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There's always someone trying to take advantage of taxpayers

It's bad enough to find yourself embroiled in a controversy with the IRS. The last thing you should have to worry about is someone taking advantage of your need or situation, but each year, innocent taxpayers like you fall victim to scams.

In response, the agency issues a list of what it calls the "Dirty Dozen" each year to warn taxpayers about scams others have come across. It does this in part to protect people, but also to remind them that they remain responsible for their tax obligations despite these cons.

What types of scams are out there?

It doesn't matter what time of year it is, you need to watch out for the following tax-related scams:

  • If someone proposes a tax shelter to you that sounds too good to be true, it probably is.
  • The IRS does not use email or websites to communicate with taxpayers. If you receive an email and/or link to a website demanding personal information, don't respond because it's probably a phishing scam.
  • If someone encourages you to make seemingly outlandish or unreasonable claims regarding the payment of your taxes, it's probably a scam. The most popular one involves the legality of paying taxes.
  • If you receive a phone call from someone claiming to be an IRS agent demanding money or personal information, hang up. The IRS doesn't work this way.
  • Attempting to avoid paying your taxes by moving your money offshore probably won't work. Don't believe someone who says his or her plan is foolproof.
  • Identity theft is always a risk. Some criminals will use your information to file a false tax return in order to obtain refund money.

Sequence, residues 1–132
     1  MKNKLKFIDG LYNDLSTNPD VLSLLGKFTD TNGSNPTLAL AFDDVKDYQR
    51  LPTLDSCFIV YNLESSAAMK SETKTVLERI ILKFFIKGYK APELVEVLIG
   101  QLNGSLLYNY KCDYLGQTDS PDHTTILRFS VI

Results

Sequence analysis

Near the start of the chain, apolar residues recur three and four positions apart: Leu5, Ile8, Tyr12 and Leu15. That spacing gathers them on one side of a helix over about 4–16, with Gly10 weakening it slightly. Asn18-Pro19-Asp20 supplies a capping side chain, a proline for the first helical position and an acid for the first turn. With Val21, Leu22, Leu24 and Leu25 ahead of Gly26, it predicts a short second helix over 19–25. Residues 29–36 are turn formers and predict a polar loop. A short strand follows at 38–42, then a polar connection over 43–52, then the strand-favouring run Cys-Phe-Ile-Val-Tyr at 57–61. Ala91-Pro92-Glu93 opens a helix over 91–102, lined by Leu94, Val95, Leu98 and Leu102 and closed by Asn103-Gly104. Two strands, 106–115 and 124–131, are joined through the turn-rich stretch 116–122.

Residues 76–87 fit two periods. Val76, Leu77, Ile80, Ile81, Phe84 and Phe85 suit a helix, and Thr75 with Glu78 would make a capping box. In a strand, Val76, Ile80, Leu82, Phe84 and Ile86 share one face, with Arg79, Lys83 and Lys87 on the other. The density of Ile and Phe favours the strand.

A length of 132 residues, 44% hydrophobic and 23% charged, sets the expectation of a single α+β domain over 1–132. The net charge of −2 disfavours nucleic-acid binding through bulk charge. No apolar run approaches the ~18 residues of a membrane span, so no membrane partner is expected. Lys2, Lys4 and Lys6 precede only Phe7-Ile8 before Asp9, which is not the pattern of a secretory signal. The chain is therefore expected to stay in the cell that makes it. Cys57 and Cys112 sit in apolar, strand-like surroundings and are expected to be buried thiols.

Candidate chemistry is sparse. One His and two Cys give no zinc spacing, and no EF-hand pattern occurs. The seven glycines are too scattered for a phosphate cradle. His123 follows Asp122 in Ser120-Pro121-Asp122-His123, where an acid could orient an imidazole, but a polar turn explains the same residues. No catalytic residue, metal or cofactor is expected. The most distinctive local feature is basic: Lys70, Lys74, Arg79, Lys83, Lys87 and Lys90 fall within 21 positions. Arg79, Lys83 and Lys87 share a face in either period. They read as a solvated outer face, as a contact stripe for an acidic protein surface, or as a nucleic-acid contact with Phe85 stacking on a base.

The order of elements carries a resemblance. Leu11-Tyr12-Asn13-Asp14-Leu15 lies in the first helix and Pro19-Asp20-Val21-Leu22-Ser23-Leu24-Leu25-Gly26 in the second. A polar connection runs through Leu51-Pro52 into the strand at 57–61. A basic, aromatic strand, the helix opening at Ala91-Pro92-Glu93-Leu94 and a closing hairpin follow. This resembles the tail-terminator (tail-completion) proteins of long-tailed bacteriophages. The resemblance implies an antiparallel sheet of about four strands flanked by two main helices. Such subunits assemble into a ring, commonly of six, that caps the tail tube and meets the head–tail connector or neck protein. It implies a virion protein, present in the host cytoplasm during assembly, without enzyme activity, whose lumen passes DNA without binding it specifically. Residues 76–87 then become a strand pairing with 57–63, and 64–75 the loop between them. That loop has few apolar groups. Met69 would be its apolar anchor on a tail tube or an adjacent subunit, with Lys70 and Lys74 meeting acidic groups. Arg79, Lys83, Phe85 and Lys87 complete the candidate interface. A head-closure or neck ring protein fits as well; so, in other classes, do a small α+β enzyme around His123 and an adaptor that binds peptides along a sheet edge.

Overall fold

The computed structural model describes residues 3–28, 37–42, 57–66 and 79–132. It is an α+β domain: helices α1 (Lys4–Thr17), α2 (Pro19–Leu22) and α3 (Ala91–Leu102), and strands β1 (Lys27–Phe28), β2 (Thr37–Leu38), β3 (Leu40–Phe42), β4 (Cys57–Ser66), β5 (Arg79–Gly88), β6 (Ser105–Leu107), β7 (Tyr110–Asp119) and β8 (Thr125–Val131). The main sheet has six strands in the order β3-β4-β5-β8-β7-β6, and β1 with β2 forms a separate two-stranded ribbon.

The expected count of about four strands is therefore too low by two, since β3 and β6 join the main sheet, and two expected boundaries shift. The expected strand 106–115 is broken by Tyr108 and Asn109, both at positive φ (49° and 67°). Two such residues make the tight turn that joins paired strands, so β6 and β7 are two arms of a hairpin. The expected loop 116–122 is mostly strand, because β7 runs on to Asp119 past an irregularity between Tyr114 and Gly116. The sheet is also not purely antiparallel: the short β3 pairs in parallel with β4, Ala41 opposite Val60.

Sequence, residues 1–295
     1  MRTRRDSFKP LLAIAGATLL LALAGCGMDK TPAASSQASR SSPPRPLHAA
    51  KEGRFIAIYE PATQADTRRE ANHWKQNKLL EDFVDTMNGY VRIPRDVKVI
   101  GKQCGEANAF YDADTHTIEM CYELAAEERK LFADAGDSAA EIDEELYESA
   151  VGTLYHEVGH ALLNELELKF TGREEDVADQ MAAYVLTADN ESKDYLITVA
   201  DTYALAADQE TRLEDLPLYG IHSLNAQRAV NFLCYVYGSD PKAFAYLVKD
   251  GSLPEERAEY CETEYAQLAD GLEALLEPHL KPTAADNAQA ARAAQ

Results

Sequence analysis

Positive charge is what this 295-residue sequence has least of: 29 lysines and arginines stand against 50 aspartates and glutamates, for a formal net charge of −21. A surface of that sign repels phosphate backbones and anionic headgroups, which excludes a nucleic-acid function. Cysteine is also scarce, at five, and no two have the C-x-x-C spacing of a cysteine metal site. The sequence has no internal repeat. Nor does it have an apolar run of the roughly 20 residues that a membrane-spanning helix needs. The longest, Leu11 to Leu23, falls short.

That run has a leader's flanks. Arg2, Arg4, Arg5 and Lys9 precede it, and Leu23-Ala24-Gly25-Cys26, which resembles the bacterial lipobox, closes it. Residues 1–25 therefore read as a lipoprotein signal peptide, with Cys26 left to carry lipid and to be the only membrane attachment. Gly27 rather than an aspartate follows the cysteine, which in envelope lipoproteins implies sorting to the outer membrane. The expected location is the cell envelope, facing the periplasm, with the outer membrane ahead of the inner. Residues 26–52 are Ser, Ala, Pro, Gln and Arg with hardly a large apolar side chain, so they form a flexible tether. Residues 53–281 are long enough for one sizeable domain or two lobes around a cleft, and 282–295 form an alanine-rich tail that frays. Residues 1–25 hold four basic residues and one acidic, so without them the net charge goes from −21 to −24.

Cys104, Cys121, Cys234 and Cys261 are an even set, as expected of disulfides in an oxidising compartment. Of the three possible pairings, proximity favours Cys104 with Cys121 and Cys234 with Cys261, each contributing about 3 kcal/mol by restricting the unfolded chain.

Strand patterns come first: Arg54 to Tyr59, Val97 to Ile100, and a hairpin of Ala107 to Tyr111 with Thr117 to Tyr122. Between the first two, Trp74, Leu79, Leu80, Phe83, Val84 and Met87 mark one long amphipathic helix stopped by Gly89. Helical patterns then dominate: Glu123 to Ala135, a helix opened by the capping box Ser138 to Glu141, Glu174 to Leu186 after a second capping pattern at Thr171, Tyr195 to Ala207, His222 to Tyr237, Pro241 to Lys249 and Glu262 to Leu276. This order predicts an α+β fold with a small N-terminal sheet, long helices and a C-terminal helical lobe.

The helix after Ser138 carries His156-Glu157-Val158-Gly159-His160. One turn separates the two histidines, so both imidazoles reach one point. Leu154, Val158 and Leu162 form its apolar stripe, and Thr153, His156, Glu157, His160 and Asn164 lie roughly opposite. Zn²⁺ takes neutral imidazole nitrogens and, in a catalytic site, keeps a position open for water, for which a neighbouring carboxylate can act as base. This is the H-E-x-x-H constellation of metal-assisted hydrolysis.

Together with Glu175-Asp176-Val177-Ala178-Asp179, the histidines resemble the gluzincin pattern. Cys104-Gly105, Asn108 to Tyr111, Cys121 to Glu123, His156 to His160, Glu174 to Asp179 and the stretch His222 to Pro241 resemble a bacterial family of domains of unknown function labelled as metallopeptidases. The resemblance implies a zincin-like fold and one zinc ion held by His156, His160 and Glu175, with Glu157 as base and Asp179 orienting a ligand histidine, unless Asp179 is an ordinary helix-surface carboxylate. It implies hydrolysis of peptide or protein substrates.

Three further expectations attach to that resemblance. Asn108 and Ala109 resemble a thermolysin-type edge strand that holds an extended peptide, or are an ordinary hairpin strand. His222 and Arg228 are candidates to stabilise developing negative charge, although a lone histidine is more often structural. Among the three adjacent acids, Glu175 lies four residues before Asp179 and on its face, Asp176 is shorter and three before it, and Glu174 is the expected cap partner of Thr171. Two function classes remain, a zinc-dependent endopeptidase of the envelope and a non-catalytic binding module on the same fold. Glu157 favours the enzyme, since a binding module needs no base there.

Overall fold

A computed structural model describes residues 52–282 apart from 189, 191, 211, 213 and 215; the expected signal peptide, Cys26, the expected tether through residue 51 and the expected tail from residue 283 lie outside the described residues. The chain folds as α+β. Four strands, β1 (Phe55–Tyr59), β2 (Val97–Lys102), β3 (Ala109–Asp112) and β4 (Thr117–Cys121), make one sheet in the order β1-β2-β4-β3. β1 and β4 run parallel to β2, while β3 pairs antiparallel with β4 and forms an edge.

• If you have a business, make sure that you are only claiming credits for which you are qualified. For example, few people would qualify for the fuel tax credit, and claiming it will probably attract the IRS's attention.
  • Not all tax preparers are on the up-and-up. Fraudsters will take your money and leave you with a mess of trouble with the IRS.
  • Not all charities are real. Make sure you do your homework before making donations that you intend to claim on your tax returns.
  • If someone promises to get you a large refund even when a legitimate tax preparer gave you a much lower number, it's probably a scam. In the end, you will end up paying the price for an inflated refund claim.
  • Don't listen to anyone who claims you can claim more in deductions and expenses than you know to be true. It will come back to haunt you.
  • Some fraudsters encourage taxpayers to make untrue claims about their income in order to qualify for certain tax credits.

The more you know about the possible scams that someone could perpetrate on you, the less likely it is that you will end up in trouble with the IRS. However, if you do find yourself paying the price for someone else's fraudulent scheme, you may need a legal advocate on your side to help you resolve the issue.

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Ste. Genevieve Office
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Ste. Genevieve, MO 63670

Phone: 573-883-3056
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